Reversing Type 2 Diabetes is an odyssey, requiring patience, discipline and self-worth. That's the beauty! When you come out the "other end", free of the drugs, free of the sugar & free of the horrid symptoms and depression associated with this disease, you're not just free of "worry". You're reborn.

        Don't ever forget! There's no value or reward in anything that comes "fast" or "easy".
  • 20 days ago

    RE: What Do You Do To "Fight" Diabetes?

    Thank you for this wealth of information, this will help me on this journey to improve my health and reverse Type 2 Diabetes.
  • 8 days ago

    RE: What Do You Do To "Fight" Diabetes?

    A visitor asked about eating too much "brown rice". This was my response...

    I will try to explain why blood sugar rises in T2 Diabetics. Hopefully, by the end of this discussion, you'll refrain from asking "what should I eat" questions, forever.

    First, please read the following,
    "Diabetes and Inflammation"
    (I care not whether you believe what I say but once you read it, you will realize, I'm not pulling this stuff out of my *** and making it up as I go...)

    So, now that you know there is a relationship between high blood sugar and the body's inflammatory response (agro immune system>>white blood cells sent>>release of "cytokines">>> yada, yada, yada...), there you go! Chemicals released from bloody fat cells causes inflammation>>>>blood sugar soars. Who knew?!?! So, brown rice causes inflammation (indirectly)! Hot-diggety-dog! Problem solved! I'm a genius!...

    But, hold on...Not so fast.

    There are many "things" that can illicit an inflammatory response besides pancakes, french fries, spaghetti, snickerdoodles and BROWN RICE (no matter how much you EAT!!!!!!!!!!!!!).

    Again, INFLAMMATION: occurs when chemicals from the body's white blood cells are released into the blood or affected tissues. It's designed to "protect your body" from "foreign substances" (ie. crap released from fat cells). These chemicals (cytokines) increase the blood flow to the area of injury or infection, and may result in redness and warmth. So, in other words, it's not a good idea to have a bunch of fat cells because it can cause "inflammation" and, as a result, raise my blood sugar. BOO-HOO.

    OK, so being fat is not good. So, I'll lose some weight. That's why my doctor keeps badgering me. Now, it makes sense...

    Just one problem: To reiterate, there are many things (hundreds!!!!!!!!) that can/may cause short term or chronic inflammation. Here's a 1 minute sampling...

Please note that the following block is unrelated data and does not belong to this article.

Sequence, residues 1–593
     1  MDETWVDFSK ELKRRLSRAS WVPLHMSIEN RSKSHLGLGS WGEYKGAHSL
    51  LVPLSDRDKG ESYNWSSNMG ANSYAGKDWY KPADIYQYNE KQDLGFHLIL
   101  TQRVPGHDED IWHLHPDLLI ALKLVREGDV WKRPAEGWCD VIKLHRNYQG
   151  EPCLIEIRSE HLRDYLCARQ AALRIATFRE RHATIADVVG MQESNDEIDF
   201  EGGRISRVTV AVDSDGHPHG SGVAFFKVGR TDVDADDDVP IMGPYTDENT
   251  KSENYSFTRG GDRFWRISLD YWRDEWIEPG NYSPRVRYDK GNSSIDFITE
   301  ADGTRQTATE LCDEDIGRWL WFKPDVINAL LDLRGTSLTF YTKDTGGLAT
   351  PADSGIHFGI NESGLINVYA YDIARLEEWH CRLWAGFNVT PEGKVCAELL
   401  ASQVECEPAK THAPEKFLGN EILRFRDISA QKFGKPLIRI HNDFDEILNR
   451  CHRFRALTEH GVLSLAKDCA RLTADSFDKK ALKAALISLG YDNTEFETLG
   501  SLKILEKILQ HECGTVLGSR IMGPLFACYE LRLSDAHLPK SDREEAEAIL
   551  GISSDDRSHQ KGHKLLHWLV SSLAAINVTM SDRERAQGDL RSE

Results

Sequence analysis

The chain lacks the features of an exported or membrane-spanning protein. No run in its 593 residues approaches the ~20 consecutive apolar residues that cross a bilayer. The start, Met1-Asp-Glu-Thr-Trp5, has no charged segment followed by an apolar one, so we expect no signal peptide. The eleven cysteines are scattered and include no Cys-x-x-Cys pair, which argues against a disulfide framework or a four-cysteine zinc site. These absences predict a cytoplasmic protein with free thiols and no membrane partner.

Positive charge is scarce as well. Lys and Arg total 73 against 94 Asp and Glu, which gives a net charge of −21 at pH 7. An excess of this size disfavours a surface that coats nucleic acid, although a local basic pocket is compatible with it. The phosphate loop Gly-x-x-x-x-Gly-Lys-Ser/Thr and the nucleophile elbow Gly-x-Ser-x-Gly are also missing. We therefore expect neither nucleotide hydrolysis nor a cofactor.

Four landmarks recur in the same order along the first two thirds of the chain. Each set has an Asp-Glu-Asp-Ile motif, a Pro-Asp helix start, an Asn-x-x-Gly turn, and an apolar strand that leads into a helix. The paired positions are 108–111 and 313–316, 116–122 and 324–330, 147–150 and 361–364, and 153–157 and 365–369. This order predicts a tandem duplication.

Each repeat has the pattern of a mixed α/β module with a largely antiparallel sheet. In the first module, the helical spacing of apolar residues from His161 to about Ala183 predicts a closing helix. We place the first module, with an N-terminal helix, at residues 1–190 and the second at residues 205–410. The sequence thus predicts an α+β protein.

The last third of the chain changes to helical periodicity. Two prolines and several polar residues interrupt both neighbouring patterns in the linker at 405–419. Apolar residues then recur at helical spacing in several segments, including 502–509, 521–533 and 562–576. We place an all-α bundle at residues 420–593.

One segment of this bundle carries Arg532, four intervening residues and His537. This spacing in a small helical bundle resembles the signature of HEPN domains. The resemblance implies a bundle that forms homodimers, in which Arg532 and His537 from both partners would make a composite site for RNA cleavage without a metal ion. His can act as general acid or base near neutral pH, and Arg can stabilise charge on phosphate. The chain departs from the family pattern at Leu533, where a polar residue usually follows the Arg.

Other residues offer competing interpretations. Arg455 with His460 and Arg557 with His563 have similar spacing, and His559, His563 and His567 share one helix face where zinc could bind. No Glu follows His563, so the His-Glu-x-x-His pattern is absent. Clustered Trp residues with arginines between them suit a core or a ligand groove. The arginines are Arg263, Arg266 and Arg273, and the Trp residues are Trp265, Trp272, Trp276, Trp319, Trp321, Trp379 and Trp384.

bee stings
    yelling at your spouse or child
    (You spouse yelling at you,
    You yelling at the driver in front of you,
    You flipping the driver as you drive by,...)
    bruising your shin on the coffee table
    medications your doctor prescribed to you (birth control, decongestants, vitamin B, steroids, barbiturates, etc, etc, etc)
    any drug you heard from a friend of a friend that lost 30 lbs in 30 days!
    High cholesterol
    High blood pressure
    auto-immune diseases
    menstrual cramps
    tooth aches
    colds and flus
    peanut butter
    household cleaning products
    ridiculous, untested "supplements" you saw on Dr. _z or Dr. Ph_l or Dr. Who
    tooth aches
    poison oak
    flu shots
    blood pressure meds
    cholesterol meds
    and, of course, "brown rice"

    So, how in the world, would anybody (& their grandmother) know the cause of YOUR "inflammation" that resulted in your A1C going up? Sure, it could be all that brown sugar you ate. But, it could also be 10,000 other things!!!!! And, because you "shared" so much detailed medical information about yourself and family history, we have all the data needed to reach a definite, lock down, air tight conclusion...Yup. Has to be the "brown rice"!

    I don't mean to make light of your question...

    The truth is: Each individual has a unique, one-of-a-kind, metabolic make-up and what is likely the cause of their uncontrolled blood sugar regulation is not one factor (brown rice) but the combination & strength of HUNDREDS of FACTORS (age, diet, weight, race, family history, environmental conditions, stress, co-morbidities, medications, social network, etc, etc). But, because you don't understand how complex Type 2 Diabetes is (much less how inflammation affects blood sugar) the only thing you "fear" is food...

    ...like, brown rice. So, fear it, if you must.